That flight was used to verify the previously-taken decisions. The flight was a real success. By the way, the pioneer international flight took place at the height of the Cold War. And the two leading powers decided to «make friends» sharing common interests in cosmonautics. The cooperation turned out to be effective. We understood that we were able to perform a shared control. It was mutually beneficial. We shared our knowledge, capabilities, approaches to that process with them.
The same was true of them. It goes without saying that the Russian side and the American side had different approaches. They had to be combined: the approaches to crew work, activities of the lead operational teams. Both Yeliseev and his immediate assistants had been involved in the above activities over a few years prior to the flight itself and during the flight. Bringing back to memory that flight, many specialists think that it was a remarkable, exemplary flight performed very skillfully. A lot of the credit must go, of course, to Alexei Stanislavovich Yeliseev who had continued to work with us for some time until he quit his job for some reason (we did not understand, at least I did not know why he had left) and took up other job in the capacity of the rector at MVTU, his alma mater, which he had graduated in 1957. It was a great surprise to us. The strong leader had left us. But fortunately, next flight directors (Valeriy Viktorovich Rumin, Vladimir Alexeevich Soloviev) were cosmonauts too, as well as quite experienced and capable specialists who could just as efficiently manage the lead operational control team. Up till now, approaches used by Yeliseev provide the basis for activities of the lead operational teams controlling currently the flights under the ISS Program. The main principles are still observed. With time, the Structure of the service, of course, had swollen, shrunk, become deformed. But the structure never deviated from the formulated principles of building the management scheme. That meant that the principles were laid down correctly and irreproachably. For this contribution Alexei Stanislavich Yeliseev basically bears the palm. Clearly, the head should have his own philosophy, choose from a diversity of approaches. A manager should be skillful in doing such things. And Yeliseev mastered that managerial skill to the extent possible.
V.: Was it important that Alexei Stanislavovich was a cosmonaut?
B.: He was the cosmonaut first. Then we worked together in Complex 7, Complex 07 of our enterprise. He reached a good understanding of cosmonauts routine work and peculiarities of ground flight control service operation. Information coming from these two sources was digested by him to produce a positive result. Until the present time, cosmonauts got the position of Flight Directors who were first to fly any space vehicles, then to work for a certain time in flight control service, acquire firsthand experience and cleverly combine knowledge gained to further control flights successfully.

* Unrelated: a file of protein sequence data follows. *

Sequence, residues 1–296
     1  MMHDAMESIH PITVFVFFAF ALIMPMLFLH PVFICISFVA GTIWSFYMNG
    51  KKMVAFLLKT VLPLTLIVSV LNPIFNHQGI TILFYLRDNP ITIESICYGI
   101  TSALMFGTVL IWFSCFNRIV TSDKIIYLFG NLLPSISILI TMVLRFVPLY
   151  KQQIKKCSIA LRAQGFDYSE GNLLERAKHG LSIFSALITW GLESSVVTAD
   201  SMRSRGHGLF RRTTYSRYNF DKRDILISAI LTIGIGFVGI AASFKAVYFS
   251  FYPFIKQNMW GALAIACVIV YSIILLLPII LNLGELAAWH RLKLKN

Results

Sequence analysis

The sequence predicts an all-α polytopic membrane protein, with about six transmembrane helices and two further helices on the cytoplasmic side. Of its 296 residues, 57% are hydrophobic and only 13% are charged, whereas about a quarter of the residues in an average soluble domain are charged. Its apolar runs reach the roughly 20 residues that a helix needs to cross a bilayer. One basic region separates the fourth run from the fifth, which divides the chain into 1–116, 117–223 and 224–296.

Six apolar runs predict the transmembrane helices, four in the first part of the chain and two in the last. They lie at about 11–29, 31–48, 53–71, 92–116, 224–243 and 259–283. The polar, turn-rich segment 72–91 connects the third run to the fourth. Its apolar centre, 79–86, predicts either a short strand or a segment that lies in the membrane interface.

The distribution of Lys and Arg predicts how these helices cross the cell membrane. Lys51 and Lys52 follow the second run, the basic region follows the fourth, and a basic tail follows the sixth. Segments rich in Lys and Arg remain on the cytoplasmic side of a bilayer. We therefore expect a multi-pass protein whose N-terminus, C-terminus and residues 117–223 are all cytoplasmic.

V.: Is it important for a Flight Director to have as good a health as cosmonauts enjoy? What about hard work of a manager in the Department office and how it exhausts a person with a space-qualified health?
B.: When Yeliseev was the Flight Director, examination of LOCT personnel by medical men from the first Medical Institute of Leningrad was conducted. Medical specialists in stressful situations, psychology were involved. The examination was focused on cardiology, eyesight, etc. They examined specialists working in LOCT directly on the job. Physicians sat next to the specialists being examined, measured blood pressure, pulse rate, talked with them. LOCT personnel went through a careful examination after the shift and prior to shift; after that they were taken to a hospital in Leningrad with a subsequent medical examination during a couple of weeks. The medical comment was a shock to us. Flight control activities were found to be very unhealthy because of a continuous sense of responsibility, maybe even fear of wrong decisions: what one dread most is to respond incorrectly to off-nominal situation, lose space vehicle as happened with the Salyut-3. Many specialists were terrified, under stress following the Committee investigations. Stressful situation leads to ejection of adrenalin in blood, human organism becomes excited and this excitement is not compensated. This means that man has to sit continually like a field engineer on a mine and make every effort not to be blown up by it. It is a serious problem: how to make and teach man to work under stress. There are some antistress techniques, the LOCT team was able to develop and introduce them. When a specialist watches a large number of parameters on the display (about 600 parameters per man), he (she) tires easily. And if during each next session these parameters are normal, i.e. within tolerance, he (roughly speaking) falls asleep, - his attention becomes dull. If a deviation of parameter from a set value appears, operator just does not notice it. He can even pass it unnoticed. It is necessary to «wake him up» somehow. There are some techniques to do so. Therefore, a good health is required, especially steady psyche. As one great man put it: «when fire starts, people die rather from panic than from fire itself». The same is true of our LOCT. Steady psyche is essential for MCC specialists. The first thing he needs to do during any off-nominal situation is to organize personnel activities. First of all, he must stop off-nominal process, i.e. cut off specific emergency system, determine amount of time available for him to organize work on counteracting off-nominal situation. So, it is required to organize the process, propose immediately some actions to be taken to recover from this off-nominal situation and put them into effect. It is necessary to act without panic, calmly. Only man with good mental health and steady psyche is able to do it. Flight Director must possess these qualities.